This guest article was written by William Laraque who is the Managing Director of US-International Trade Services.
The Promise of a Different World
According to Mme. Lagarde of the IMF: “Tech gurus estimate that 66% of the jobs that people now in high school will have don’t yet exist.” The trick is how do we prepare them? How do we retrain those whose jobs will be eliminated by robots, to make sure that we don’t have more inequality and more disruption in the social contract?”
Good economic policy is how we can keep the gap between the rich and the poor from growing and how we can ensure that global economies are growing both profits and jobs — that is, that they’re truly productive.
Only 1 percent of small businesses in the United States tap global markets for fresh revenue growth, according to government statistics. Of that total, only 2 percent export to more than one country. German small businesses export to an average of 6 countries. Chilean exporters, trained and educated in ProChile, that country’s excellent export-directed program, sell to an average of 13 countries. In short, competition is scarce. There’s a lot of money to be potentially gained from sales generated abroad, where Dell reminded US citizens that 95% of our potential customers are.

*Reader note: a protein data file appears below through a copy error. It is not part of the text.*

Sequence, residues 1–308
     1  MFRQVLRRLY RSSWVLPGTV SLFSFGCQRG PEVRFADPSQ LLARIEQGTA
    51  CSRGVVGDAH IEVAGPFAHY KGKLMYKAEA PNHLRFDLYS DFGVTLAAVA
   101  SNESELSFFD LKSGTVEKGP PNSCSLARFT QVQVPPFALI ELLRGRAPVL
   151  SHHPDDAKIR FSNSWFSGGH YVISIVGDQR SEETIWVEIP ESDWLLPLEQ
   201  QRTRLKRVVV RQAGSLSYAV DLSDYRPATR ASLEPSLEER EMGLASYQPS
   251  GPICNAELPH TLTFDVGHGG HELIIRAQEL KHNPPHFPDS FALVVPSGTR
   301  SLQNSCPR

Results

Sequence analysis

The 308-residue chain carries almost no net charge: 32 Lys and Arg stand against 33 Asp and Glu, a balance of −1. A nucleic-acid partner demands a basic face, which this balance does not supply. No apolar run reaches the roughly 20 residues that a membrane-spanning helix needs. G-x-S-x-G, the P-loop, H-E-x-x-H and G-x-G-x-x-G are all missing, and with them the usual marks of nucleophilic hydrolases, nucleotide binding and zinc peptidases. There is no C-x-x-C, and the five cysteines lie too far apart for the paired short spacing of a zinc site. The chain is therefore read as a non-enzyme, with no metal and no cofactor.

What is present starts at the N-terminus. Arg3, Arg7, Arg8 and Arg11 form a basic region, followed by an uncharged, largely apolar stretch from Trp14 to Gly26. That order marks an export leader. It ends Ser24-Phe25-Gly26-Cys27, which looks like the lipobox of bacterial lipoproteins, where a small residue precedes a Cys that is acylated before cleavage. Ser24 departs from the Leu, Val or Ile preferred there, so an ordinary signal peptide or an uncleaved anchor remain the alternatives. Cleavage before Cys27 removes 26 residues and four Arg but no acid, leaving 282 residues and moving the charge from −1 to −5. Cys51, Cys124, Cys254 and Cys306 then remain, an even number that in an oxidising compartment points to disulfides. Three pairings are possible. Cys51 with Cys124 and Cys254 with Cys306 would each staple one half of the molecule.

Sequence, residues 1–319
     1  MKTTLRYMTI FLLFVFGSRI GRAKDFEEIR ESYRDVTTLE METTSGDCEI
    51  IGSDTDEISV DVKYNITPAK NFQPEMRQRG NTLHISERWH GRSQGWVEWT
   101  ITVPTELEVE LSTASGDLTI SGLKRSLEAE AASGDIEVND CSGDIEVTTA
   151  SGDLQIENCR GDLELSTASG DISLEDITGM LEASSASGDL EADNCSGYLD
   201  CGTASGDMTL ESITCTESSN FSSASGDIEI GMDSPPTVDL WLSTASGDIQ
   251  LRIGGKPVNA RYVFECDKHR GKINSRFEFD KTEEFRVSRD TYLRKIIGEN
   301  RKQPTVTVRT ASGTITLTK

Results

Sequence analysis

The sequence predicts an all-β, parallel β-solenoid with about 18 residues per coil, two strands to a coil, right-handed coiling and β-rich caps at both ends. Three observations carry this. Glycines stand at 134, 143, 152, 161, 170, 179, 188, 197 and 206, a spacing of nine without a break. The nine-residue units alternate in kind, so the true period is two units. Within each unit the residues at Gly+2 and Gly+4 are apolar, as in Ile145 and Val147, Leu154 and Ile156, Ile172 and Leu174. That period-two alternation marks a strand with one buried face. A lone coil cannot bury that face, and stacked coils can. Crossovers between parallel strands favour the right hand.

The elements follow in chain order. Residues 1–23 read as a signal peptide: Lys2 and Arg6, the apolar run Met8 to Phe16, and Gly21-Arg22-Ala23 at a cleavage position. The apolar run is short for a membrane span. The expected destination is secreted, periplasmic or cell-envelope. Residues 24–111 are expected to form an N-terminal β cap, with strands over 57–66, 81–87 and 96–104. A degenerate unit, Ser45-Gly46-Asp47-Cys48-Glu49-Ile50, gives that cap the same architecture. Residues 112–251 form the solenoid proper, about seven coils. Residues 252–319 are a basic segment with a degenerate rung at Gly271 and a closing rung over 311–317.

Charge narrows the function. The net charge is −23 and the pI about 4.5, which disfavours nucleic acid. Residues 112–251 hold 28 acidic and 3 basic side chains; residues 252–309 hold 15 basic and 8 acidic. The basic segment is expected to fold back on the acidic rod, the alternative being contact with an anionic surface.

The Mobile Banking Connection
The global spread of mobile banking has exceeded all projections. Yet today, more than two billion people have no access to financial services, severely limiting their ability to borrow, save, invest, and participate in the mainstream economy.